YOUTH VOICE

HOW I USE ART AS A FORM OF ACTIVISM

I am a full time student and I am not specialised in anything yet, I feel like I am always learning but am still trying to work out what I could ever teach beyond the obvious impacts and causes of climate change. I know I love crafts and so I recently began a type of embroidery called punch needling. My materials were funded by a charity called the Mark Evison Foundation who give grants to students looking to learn something new or go on an expedition planned by themselves, but most of it was made with reused materials that…

ISSUE THREE YOUTH VOICE
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WE NEED YOU TO LISTEN

Much of the criticism surrounding the Extinction Rebellion movement is that they scare children and make them fear for their lives, but it’s no different to children seeing death and war on the news everyday. The moment something is presented to the public that requires people to be proactive and change their own lifestyles, there’s an issue. We are murdering our planet step-by-step, tearing down our forests tree-by- tree and killing our animals one-by- one. As a young person, I’m not scared. I’m empowered. My generation has done more for this planet that any other generation has even thought…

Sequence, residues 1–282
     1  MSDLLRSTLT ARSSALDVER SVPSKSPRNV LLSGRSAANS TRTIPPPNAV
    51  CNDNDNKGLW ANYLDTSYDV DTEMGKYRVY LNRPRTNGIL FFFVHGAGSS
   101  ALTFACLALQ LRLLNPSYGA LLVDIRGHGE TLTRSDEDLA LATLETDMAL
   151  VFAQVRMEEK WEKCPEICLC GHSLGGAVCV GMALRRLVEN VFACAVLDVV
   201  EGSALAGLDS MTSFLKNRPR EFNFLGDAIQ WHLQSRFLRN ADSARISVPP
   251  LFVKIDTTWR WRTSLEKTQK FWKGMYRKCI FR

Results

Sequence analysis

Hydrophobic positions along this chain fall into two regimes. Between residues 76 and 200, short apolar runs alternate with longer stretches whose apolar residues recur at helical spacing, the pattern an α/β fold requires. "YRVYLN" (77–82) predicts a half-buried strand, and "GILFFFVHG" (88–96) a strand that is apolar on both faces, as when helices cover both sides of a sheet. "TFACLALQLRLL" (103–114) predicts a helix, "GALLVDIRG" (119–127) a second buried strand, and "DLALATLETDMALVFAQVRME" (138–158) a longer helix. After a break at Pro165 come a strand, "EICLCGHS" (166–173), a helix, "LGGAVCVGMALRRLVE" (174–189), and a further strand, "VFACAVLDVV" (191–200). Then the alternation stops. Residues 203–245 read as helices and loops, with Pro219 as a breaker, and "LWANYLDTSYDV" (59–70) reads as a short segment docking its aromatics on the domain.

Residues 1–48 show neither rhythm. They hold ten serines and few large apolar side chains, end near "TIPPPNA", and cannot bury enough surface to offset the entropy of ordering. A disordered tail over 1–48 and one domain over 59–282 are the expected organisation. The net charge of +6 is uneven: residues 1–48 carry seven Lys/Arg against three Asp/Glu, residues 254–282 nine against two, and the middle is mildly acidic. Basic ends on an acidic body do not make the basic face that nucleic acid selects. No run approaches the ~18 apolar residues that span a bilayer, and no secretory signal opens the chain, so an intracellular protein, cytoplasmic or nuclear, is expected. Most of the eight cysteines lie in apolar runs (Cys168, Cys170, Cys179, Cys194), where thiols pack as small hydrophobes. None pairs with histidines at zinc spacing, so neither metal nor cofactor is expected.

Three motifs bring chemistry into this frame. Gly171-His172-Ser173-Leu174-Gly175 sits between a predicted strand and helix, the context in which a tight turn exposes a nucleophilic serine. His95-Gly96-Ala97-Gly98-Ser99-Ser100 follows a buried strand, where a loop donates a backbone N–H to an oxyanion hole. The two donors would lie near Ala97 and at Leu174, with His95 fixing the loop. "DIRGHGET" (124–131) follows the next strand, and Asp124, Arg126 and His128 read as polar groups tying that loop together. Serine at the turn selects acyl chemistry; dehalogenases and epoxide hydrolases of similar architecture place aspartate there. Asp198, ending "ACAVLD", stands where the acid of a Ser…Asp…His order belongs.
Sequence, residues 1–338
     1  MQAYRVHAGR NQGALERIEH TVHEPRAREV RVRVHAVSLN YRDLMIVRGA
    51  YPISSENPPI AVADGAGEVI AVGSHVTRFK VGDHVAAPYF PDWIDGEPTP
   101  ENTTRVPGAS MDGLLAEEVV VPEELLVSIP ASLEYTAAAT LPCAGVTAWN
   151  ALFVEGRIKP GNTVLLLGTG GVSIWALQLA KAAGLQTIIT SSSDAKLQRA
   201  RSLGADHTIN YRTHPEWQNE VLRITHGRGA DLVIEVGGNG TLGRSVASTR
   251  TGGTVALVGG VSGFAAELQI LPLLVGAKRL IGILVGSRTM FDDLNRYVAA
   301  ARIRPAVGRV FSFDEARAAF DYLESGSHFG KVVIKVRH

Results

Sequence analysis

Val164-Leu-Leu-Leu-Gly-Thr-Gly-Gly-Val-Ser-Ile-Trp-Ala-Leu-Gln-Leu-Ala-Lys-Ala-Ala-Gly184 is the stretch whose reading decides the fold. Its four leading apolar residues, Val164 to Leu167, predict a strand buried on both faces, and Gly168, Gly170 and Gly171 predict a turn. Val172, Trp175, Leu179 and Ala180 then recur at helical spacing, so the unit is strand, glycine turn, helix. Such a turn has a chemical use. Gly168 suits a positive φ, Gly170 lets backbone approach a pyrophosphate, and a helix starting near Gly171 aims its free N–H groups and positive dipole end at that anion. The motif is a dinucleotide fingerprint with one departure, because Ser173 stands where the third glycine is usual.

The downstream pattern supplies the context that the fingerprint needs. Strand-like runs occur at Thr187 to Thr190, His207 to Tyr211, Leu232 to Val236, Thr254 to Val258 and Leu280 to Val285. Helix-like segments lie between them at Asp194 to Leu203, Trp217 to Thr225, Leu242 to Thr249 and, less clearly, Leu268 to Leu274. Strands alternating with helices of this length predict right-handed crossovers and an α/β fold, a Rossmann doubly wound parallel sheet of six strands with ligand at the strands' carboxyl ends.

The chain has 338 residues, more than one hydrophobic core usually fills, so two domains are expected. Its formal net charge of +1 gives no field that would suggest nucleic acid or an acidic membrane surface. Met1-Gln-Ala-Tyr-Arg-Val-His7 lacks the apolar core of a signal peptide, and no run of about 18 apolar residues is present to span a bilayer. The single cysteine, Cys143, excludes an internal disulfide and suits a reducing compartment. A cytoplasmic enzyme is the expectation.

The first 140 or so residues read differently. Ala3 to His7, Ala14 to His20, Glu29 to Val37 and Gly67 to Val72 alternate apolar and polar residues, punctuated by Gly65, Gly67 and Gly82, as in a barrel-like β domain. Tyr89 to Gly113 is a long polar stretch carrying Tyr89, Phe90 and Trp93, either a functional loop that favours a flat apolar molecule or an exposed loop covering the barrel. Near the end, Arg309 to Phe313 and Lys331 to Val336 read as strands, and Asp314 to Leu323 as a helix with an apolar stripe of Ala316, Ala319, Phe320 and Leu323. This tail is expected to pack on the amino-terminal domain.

ISSUE TWO YOUTH VOICE
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Climate justice is about social justice

In September millions of people all over the globe marched for Climate Justice. When we chant that we want climate justice and we want it now, when we stand united with people worldwide, we must consider climate justice globally. We often talk about saving our futures and the futures of our children, and it is true that the worst impacts of climate breakdown are yet to come. But by talking about our futures, there is a danger of neglecting the present and framing the climate and ecological crisis as something that hasn’t arrived. For many people on the frontline,…

ISSUE TWO YOUTH VOICE
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Why we rise up

We are rising up. We have been for almost a year now. It’s hard to ignore, especially now when we are reaching out on a local scale for new rebels to join us. That was what we hoped to achieve when we took to Blackheath Common in our hundreds and enjoyed the light and hope the rebellion gives us, encouraging passers-by to become enthusiastic observers, then engaged audience members and finally passionate rebels. It’s happening all over the country now. Our message is simple: we need fast, effective action mobilising 3.5% of the population to enact real, substantial change.

ISSUE TWO YOUTH VOICE
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join the rebellion